Members of the Acadia University Faculty Association on strike, classes canceled

Acadia University’s 350 professors, librarians, archivists and instructors are on strike this morning after rejecting a contract offer from the university late Monday night.

The Acadia University Faculty Association said on Twitter late Monday evening that after presenting a “comprehensive offer” to the university’s bargaining team on Friday afternoon, the university’s response on Sunday was that she would not make a counter-offer at that time.

The union said that when an offer finally arrived on Monday afternoon, it was “a small counter-offer which does not reflect serious engagement with AUFA’s proposals”.

The union said the offer received did not include a commitment to increase the number of full professors, would change the professors considered part of the full-time group by including deans who do not teach and has a freeze on salaries for the first one year before increases of 1%, 1% and 1.5% over the duration of the four-year contract.

The offer also proposes a process to improve equity and diversity that is “too complex and unworkable”, the union said.

The university said the union’s proposal was too costly and would add millions to its budget.

In a post on his website at 7 a.m.the university announced the cancellation of classes

Provost’s Student Post and Vice President Academic Dale Keefe said other campus operations are continuing and the university will take “all reasonable steps to support you during this time, including providing services and resources. basic”.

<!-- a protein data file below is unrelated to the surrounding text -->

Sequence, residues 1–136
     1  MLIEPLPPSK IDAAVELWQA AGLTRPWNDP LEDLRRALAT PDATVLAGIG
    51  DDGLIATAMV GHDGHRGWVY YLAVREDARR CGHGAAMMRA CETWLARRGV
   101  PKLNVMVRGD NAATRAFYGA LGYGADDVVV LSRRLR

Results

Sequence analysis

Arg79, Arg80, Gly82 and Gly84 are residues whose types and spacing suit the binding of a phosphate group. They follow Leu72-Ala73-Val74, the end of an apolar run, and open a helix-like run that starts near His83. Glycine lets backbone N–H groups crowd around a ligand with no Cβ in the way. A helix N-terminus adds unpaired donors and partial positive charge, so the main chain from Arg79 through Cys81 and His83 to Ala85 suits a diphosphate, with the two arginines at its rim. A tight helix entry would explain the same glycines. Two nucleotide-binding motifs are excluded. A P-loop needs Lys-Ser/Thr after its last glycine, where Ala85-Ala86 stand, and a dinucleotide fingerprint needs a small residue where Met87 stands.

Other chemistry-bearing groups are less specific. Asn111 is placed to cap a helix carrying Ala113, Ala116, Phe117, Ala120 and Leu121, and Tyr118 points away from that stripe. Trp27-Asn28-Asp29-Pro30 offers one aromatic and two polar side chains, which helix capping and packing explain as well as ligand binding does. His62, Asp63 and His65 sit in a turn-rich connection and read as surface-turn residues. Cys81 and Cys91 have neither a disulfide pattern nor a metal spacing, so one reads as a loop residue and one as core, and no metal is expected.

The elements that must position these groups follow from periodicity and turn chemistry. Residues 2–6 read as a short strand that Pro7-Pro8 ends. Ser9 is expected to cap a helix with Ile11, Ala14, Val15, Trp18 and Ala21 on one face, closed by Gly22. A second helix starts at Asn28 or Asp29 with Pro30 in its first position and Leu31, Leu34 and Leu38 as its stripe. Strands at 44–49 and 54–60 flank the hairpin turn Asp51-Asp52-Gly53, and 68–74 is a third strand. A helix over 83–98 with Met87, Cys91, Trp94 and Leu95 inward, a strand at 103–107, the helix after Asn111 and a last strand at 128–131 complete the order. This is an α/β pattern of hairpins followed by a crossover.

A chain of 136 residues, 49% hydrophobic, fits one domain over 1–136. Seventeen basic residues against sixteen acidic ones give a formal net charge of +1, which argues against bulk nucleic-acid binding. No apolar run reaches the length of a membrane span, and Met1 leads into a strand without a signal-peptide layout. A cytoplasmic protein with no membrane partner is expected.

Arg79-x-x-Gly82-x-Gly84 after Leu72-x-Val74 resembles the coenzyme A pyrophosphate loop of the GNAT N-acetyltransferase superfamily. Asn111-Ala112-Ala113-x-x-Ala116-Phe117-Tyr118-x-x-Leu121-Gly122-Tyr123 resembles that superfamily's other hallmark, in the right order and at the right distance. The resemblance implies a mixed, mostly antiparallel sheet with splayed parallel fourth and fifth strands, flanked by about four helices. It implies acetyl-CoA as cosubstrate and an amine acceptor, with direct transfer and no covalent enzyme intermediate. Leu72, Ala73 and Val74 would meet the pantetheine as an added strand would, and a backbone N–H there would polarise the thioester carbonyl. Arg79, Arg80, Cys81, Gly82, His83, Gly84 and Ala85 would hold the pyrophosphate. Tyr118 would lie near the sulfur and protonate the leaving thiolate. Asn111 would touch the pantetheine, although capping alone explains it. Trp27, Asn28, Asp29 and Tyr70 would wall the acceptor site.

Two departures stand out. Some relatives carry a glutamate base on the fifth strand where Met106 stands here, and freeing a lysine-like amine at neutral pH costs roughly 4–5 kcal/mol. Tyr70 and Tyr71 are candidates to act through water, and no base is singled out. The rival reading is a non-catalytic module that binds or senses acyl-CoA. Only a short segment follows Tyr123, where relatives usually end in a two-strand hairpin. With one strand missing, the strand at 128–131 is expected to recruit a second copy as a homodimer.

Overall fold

Dale Keefe, Provost and Vice President Academic of Acadia University, stands on the Wolfville campus on Tuesday, February 1, 2022. – Ian Fairclough

He said that “although there is currently disagreement over the content of the final collective agreement, both parties ultimately want what is best for students. Everyone is committed to ensuring that students have the best college experience when the labor disruption ends.

Keefe asked students to “please take this time to pursue your education and take care of yourself. The strike will eventually end.

AUFA spokesman Jon Saklofske said on Tuesday morning that there were a number of sticking points, including improved working conditions and stability for part-time teachers, more teachers on full-time to keep class sizes small at a time when the university is trying to increase enrollment, and commit to hiring a group of Indigenous employees.

He said union members were in good spirits as they prepared to start picketing in -14C on Monday morning.

He said the union was asking for wage increases below the cost of living.

“We know we’ll have to bargain down a bit, but at the same time, committing to salaries with basic cost-of-living increases, will keep Acadia attractive, so we’re hiring Indigenous scholars or trying to advance the academic mission of the university and be competitive in the region.

Keefe said in an interview Tuesday morning that there were no new talks planned, but he is optimistic that a new agreement can be reached soon.